Many of CDC’s activities use a One Health approach to better understand the links between human, animal, and environmental health. In addition to supporting One Health activities around the world, CDC is involved in One Heath work in the United States.
Zoonoses Education Coalition
Pets are a wonderful part of our lives. Safe and responsible pet ownership is important to keep both people and pets healthy and happy. Some diseases, called zoonoses, can spread between people and animals. It is important for people with pets to know about zoonoses and how to prevent them so they can enjoy their pets without getting sick.
The Zoonoses Education Coalition (ZEC) is a group of partners that includes representatives from many different sectors, including the Pet Industry Joint Advisory Council (PIJAC), breeders and retailers, the National Association of State Public Health Veterinarians (NASPHV), the American Veterinary Medical Association (AVMA), the United States Department of Agriculture (USDA), the Food and Drug Administration (FDA), CDC, and others. This public-private partnership helps to exchange scientific information while promoting CDC’s zoonotic disease prevention messages to educate pet owners, public health officials, veterinarians, human healthcare providers, and other stakeholders on how to stay healthy while enjoying pets.
Messages on pets and zoonoses promoted by the ZEC include:
- Safe handling of reptiles (turtles, snakes, lizards) and amphibians (frogs, toads)
- Safe handling of pet rodents (hamsters, gerbils, mice, and rats)
- Safe handling of feeder rodents, including live and frozen
National Association of State Public Health Veterinarians
CDC works closely with the National Association of State Public Health Veterinarians (NASPHV). State public health veterinarians are the local and state professionals who regularly consult with physicians, emergency rooms, legislators, local officials, schools, health departments, and the general public on preventing and controlling diseases that people can get from animals and animal products. NASPHV, in partnership with CDC and others, collaborate on a variety of guidance and recommendationsExternal related to the prevention and control of zoonoses.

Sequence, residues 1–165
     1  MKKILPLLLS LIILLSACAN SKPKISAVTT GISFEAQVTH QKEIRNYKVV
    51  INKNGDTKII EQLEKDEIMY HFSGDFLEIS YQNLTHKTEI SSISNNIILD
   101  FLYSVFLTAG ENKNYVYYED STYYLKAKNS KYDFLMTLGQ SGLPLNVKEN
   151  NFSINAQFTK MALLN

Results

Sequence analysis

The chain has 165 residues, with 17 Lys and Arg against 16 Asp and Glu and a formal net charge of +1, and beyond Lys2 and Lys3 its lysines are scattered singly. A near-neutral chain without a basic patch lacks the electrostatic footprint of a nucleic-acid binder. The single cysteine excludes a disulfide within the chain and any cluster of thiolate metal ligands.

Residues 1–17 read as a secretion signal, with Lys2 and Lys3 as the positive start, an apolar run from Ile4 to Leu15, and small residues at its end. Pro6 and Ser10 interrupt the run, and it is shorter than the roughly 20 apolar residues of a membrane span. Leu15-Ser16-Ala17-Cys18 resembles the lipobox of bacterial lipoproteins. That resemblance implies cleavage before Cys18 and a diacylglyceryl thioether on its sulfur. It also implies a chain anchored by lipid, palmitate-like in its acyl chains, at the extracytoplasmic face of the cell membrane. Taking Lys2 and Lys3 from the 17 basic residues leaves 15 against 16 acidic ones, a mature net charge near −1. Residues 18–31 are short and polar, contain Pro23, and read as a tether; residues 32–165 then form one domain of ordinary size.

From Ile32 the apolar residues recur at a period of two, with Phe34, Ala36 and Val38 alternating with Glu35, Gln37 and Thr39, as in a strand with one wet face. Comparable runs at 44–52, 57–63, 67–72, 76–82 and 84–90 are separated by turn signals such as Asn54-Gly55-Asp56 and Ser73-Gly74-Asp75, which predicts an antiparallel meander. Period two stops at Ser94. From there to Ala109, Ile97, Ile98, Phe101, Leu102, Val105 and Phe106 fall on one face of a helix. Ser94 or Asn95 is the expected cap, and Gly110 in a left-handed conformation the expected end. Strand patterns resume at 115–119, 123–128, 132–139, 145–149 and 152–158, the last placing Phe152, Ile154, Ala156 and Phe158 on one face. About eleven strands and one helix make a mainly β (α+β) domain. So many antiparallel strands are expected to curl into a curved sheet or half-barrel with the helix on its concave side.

CDC Partnership on Youth Zoonoses Prevention
CDC, the Council for State and Territorial Epidemiologists, and the United States Department of Agriculture (USDA) including the 4-H Public Health Youth Education Program have an ongoing partnership to educate youth on the transmission and prevention of zoonoses.
Objectives of this One Health partnership include:
- Teach youth, leaders, and parents about zoonotic disease transmission and prevention.
- Teach youth how to reduce their risk of getting a zoonotic disease.
- Encourage youth to share their new knowledge about zoonotic diseases with their communities.
- Teach youth how to help detect zoonotic diseases to help limit the impact of these diseases on individuals and their communities.
- Create lasting relationships between youth, their families, and public health agencies.
- Create a sustainable partnership between federal and non-federal partners to address public health issues that relate to youth and animal contact.
- Decrease the number of illnesses and deaths associated with zoonotic diseases in the United States.
- Develop relationships among human and animal health partners that could be used to facilitate more effective and efficient responses to important human and animal health issues such as outbreaks of zoonotic influenza viruses.
To help empower millions of youth, CDC and partners are developing materials to educate people about ways to prevent zoonotic diseases. Organizations from multiple states, including state public health departments, animal health departments, and 4-H programs, are assisting in the creation of these educational materials.
Current products include:
- A student magazine, “Be a Zoonotic Disease Detective,” created by Georgia 4-H and accompanying lesson plansExternal about zoonotic diseases that can be customized for use in any jurisdiction
- 4-H Animal Science Anywhere: Diseases That Animals and Humans Share: The Words You Need to KnowExternal
CDC scientists study how diseases in animals become threats to human health in the United States and around the world. They also look at how changes in the environment affect the health of animals and humans. Their research helps us understand:
- How viruses, bacteria, and parasites spread between animals and humans.
- How a person’s behavior can increase the risk that they will get sick from an animal.
- How quickly these diseases can spread.
Collaboration and Partnerships
Across the United States, CDC works with local and state agencies as well as animal, environmental, and human health partners.